WALKING TALL: Sheriff Buford Pusser
Several movies have been made about the real life sheriff Buford Pusser, who bravely fought crime and corruption in Tennessee. Pusser was a courageous man who fought to clean up his county, and was seriously injured in an ambush that killed his wife. An enduring symbol of Buford Pusser as a law enforcement officer and a man to be respected was a big stick, which he used to great effect to destroy illegal whiskey stills and as a weapon –sort of a PR-24 on steroids. Sheriff Pusser put the fear of God into criminals.
Can you imagine criminals cowering as Pusser storms into a bar with a 28 inch rattan stick? The idea is ridiculous, even if the short, thin stick were made out of heavier wood. I think we all instinctively understand that a long, heavy stick is the more powerful weapon.
Furthermore, Officer Pusser was a big, strong man who often faced death. He couldn’t afford fancy, complicated techniques, but wielded a big stick with incredible power. He didn’t have the luxury of choosing anything other than the most powerful, intimidating stick (backed up by a .357 magnum and an M-16!).
You don’t have to be a martial artist to understand that the big stick is a symbol of power and authority.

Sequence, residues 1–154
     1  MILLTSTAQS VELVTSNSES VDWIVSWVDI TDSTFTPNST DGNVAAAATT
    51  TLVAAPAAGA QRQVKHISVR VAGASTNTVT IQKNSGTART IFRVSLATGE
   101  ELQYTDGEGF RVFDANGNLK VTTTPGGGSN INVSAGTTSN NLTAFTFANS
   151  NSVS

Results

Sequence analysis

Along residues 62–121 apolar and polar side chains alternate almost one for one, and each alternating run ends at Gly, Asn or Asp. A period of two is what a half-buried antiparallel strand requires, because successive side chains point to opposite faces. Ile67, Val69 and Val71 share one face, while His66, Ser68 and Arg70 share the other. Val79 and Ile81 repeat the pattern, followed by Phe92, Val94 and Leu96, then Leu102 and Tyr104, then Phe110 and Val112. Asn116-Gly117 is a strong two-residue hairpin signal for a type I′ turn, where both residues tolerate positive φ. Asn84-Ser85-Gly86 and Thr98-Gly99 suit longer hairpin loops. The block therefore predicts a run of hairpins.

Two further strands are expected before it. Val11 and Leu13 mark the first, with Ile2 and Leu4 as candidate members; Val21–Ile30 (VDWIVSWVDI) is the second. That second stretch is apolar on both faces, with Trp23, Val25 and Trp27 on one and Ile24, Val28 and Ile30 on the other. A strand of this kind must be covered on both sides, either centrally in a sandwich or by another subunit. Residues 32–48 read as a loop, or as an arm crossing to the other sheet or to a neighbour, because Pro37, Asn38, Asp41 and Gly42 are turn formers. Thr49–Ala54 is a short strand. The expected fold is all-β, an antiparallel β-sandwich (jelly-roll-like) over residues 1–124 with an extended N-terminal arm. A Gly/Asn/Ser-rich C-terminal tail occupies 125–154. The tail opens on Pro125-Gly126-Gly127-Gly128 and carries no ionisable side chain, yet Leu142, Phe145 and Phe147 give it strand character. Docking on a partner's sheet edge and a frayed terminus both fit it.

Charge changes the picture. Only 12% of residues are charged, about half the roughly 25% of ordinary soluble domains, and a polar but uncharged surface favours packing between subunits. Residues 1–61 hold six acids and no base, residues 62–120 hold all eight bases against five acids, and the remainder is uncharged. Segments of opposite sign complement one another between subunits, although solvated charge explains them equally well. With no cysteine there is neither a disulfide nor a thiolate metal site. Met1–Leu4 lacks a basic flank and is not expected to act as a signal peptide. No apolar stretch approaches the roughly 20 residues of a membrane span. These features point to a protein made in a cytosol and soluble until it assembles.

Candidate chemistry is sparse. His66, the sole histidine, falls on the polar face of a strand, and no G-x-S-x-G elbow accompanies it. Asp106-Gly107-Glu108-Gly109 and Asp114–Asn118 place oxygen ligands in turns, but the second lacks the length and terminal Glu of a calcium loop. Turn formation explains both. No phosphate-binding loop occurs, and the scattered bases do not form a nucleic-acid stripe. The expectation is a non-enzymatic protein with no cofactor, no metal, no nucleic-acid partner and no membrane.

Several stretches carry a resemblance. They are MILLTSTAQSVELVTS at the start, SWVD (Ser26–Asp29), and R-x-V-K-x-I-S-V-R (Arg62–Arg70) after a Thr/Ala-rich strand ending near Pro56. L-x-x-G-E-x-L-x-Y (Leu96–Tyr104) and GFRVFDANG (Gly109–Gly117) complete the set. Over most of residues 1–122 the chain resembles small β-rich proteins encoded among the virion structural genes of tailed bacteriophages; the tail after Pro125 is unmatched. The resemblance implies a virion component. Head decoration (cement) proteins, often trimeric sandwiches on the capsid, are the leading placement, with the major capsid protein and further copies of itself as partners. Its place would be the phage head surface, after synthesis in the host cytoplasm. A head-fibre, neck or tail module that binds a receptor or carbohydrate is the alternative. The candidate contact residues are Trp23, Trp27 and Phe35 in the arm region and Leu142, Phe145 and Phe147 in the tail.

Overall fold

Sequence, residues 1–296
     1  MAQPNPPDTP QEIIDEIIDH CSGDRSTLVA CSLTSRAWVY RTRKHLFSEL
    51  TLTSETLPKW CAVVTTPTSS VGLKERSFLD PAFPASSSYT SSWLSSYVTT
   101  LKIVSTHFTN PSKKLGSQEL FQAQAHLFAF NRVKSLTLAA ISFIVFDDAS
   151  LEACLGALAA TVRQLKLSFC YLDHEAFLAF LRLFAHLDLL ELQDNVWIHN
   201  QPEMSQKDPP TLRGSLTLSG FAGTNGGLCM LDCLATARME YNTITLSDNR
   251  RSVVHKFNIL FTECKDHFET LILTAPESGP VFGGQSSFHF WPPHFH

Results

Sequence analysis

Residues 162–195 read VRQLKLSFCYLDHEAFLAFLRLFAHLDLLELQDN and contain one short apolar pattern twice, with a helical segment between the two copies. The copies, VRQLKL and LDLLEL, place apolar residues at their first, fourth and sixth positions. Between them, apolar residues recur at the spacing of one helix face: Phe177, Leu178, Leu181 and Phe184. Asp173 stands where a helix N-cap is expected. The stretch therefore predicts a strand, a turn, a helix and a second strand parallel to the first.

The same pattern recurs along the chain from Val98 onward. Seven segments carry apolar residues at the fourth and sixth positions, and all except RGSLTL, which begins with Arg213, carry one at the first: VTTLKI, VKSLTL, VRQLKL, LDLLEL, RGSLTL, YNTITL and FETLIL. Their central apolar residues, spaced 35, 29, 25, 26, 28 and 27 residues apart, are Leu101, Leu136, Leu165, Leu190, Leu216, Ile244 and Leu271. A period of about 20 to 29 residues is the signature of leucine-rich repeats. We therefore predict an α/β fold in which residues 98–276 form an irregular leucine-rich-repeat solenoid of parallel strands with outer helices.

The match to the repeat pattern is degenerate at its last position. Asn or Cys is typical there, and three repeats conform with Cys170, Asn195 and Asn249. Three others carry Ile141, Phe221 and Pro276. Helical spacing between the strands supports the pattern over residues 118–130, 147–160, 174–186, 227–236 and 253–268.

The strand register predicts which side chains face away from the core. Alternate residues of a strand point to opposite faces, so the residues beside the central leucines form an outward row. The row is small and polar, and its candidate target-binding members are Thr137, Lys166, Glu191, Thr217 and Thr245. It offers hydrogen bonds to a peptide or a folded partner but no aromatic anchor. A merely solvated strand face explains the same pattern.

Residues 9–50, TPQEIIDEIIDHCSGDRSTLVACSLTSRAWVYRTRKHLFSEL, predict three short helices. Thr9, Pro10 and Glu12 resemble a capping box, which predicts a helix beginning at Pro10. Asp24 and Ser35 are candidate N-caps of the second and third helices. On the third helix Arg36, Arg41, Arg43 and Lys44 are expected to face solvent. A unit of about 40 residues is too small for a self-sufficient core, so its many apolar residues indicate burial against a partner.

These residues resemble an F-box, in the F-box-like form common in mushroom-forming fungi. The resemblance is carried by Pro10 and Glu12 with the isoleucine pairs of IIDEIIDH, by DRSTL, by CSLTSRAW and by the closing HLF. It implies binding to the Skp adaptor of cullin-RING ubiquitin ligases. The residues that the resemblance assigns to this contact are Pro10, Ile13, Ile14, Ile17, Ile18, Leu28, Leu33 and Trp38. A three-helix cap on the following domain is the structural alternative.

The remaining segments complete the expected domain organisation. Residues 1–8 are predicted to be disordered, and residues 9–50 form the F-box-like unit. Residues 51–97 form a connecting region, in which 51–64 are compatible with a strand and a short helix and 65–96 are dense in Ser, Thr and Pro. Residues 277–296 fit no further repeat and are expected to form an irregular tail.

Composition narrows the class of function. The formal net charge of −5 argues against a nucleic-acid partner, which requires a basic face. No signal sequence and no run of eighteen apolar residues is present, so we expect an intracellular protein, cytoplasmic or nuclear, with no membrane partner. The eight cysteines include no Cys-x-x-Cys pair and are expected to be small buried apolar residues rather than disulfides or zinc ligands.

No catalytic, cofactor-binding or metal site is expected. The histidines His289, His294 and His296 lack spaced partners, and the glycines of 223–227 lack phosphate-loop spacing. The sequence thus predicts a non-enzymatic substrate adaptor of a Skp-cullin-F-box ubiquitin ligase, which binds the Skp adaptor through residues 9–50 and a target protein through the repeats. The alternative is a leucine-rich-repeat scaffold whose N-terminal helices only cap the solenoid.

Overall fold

The title of the movies based on Officer Pusser’s life, “Walking Tall,” comes from a saying that he often used: “The measure of a man is how tall he walks.” Sheriff Pusser was not just a big, dumb jock who could beat people up, but embodied important virtues such as courage, integrity, and pride. It’s much easier to be fearless, uncompromising, and proud if you have the tools to defend yourself and to kick ass if necessary. It will be easier for you to walk taller and unafraid when you carry a big stick and know how to use it with crushing power.
Sheriff Pusser wielded his stick with two hands, as can be seen in a publicity photo. A short one-handed stick gripped by a single hand cannot deliver the power of a stick large enough to be gripped by both hands.
Although my teachers are Filipino grandmasters, I would also like to put to rest forever the ignorant stereotype that Asians are the supreme martial artists, and those of European ancestry are hopeless incompetents as warriors. Buford Pusser is just one example of proof to the contrary.
If you need real world self-defense skills, particularly if you ever have to face the sort of life-and-death situations that Sheriff Pusser faced, you can benefit from a power system using the long, heavy stick.